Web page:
Monday, April 12, 2010

100 places to remember

These are places that will most likely dissappear in our lifetimes. Its time to get up and do something about it. Read this article to find out more...

http://www.newsweek.com/id/236064

loves

Ziggy

Thursday, April 8, 2010

Death of The Rock'n'Roll Photographer - Jim Marshall

 Jim Marshall, Rock 'n' Roll Photographer, Dies at 74. This is the title of the obituary for one of the foremost photographers of the rock 'n' roll era. He shot artists off stage, and gave fans a realistic view of who these rock stars were. When these photographs are seen, the subjects are human and seem vulnerable and approachable. Jim Marshall was the only photographer allowed at the last Beatles concert, and one of the few photographers at Woodstock. He captured the essence of the rock 'n' roll rock stars. In the article there is a quote by him that says “When I'm photographing people, I don't like to give any direction...I react to my subject in their environment, and if its going well, I get so immersed in it that I become one with the camera”(Sisario). He was a journalist, but documented events not with words, but with a camera. He wanted to make a scene of natural movement, not staged or rehearsed. He didn't take a picture to show off the celebrity, he took it for the realness of the moment.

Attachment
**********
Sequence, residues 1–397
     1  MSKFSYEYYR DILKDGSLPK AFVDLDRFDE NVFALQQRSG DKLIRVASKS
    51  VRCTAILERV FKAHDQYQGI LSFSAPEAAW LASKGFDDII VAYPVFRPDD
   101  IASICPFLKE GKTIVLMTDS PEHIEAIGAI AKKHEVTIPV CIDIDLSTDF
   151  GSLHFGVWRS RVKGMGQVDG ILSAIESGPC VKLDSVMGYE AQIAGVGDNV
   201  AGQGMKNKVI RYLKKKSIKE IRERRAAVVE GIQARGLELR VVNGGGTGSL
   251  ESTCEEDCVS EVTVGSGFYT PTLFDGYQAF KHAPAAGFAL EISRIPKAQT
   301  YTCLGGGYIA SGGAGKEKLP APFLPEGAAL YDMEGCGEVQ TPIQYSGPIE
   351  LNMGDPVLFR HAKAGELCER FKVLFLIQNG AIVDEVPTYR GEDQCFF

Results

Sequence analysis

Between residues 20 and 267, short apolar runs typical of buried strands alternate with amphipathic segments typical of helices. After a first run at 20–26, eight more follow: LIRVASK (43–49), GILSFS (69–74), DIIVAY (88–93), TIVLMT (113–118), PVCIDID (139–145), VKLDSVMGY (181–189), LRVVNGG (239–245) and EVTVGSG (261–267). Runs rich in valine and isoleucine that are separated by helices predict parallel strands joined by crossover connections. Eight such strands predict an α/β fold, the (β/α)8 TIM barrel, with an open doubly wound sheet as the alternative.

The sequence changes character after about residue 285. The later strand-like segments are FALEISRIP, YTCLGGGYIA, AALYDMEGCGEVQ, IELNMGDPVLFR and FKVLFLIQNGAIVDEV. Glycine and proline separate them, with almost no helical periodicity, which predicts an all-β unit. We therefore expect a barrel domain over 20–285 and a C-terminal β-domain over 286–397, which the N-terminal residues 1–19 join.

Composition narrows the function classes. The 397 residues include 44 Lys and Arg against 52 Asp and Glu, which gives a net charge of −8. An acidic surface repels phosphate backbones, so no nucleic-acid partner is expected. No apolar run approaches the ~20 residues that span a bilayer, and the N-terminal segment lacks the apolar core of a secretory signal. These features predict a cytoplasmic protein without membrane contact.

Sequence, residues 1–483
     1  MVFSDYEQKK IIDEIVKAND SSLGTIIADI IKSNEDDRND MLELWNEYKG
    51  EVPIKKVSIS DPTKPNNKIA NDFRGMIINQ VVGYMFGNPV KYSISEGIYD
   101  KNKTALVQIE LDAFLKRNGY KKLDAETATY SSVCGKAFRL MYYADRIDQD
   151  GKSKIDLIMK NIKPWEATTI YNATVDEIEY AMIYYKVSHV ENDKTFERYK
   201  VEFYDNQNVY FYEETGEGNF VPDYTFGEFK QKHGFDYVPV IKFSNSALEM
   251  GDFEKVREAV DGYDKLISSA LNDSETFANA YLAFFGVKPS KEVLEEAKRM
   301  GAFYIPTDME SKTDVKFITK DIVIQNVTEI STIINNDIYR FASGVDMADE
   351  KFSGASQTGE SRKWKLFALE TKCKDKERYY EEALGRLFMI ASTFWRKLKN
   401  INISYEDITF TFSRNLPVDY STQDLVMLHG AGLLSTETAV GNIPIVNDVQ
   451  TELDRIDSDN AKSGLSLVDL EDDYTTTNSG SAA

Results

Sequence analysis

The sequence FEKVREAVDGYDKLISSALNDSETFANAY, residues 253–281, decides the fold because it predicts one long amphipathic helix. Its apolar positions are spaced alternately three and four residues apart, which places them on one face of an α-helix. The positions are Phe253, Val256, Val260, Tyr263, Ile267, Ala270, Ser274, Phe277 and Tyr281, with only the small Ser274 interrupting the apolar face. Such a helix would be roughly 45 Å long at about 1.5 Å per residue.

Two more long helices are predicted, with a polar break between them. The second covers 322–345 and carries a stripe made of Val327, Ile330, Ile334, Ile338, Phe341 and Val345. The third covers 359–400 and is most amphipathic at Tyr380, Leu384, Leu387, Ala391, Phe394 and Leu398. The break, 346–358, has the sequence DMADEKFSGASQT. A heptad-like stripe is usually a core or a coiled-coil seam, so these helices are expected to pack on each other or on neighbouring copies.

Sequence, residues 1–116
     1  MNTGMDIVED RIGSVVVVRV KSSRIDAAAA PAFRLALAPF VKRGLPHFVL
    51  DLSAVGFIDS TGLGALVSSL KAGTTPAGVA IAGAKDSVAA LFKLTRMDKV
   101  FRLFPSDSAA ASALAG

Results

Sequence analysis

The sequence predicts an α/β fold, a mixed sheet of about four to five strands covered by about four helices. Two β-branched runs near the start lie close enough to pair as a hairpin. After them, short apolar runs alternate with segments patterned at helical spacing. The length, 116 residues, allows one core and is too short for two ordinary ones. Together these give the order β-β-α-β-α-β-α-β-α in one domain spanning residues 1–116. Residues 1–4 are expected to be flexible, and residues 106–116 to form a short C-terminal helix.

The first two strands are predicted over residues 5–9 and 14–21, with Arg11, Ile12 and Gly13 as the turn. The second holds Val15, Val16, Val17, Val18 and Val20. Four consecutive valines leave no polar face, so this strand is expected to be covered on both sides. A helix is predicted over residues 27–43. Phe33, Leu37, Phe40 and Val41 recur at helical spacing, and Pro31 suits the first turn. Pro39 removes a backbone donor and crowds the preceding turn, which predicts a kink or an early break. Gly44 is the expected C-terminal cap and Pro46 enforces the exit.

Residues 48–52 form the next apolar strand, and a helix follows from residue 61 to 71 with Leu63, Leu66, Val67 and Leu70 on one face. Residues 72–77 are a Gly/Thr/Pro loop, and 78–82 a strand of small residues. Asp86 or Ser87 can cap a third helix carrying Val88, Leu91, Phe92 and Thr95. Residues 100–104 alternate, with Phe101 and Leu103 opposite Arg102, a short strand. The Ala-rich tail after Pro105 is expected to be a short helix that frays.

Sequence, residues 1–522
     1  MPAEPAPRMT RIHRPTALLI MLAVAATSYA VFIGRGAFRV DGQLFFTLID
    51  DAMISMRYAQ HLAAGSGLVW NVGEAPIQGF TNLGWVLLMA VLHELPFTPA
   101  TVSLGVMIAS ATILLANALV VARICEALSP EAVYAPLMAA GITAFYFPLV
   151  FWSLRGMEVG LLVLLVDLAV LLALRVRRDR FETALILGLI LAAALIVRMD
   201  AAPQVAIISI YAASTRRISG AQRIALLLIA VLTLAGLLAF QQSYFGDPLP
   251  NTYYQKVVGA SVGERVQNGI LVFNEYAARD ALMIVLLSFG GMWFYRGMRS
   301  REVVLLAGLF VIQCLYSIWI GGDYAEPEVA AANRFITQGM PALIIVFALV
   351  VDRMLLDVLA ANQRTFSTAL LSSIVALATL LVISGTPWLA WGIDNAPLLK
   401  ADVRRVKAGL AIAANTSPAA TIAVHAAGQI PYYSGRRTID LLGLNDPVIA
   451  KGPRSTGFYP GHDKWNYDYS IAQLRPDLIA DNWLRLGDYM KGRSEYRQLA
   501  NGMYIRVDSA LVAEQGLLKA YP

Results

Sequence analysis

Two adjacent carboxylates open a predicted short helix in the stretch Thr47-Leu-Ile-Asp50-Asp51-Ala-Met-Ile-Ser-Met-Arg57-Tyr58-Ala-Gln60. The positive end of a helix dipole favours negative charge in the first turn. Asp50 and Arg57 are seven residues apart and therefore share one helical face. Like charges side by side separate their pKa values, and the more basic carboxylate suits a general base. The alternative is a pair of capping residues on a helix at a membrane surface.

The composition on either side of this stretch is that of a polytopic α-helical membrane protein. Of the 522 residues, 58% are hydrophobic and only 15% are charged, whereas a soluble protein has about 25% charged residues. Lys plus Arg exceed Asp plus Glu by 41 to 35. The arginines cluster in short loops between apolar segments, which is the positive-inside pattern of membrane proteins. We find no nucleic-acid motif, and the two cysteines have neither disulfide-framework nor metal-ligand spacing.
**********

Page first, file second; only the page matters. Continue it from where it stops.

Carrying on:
One such image is Janis Joplin, lounging on a sofa, with a bottle of Southern Comfort in her hand. She is relaxed and smiling, and it is a scene that most people wouldn't see. He also took the famous photograph of Jimi Hendrix lighting his guitar on fire. These are both images that are important in the history of photography and also of music. The era of rock 'n' roll, the era of the hippie, the era of the psychedelic, were all documented by this man.

 This obituary documents not only his death, but the mark he left on the music world. He didn't try to manufacture an image, and the images he created are revered and duplicated by photographers today. He was defined as someone who “captured pop stars in their full onstage glory, as well as in unguarded offstage scenes that humanized them as approachable or vulnerable.”(Sisaro). His images defined the personalities of their subjects. He helped show the people behind the music that was making was across the continent.


http://www.nytimes.com/2010/03/25/arts/music/25marshall.html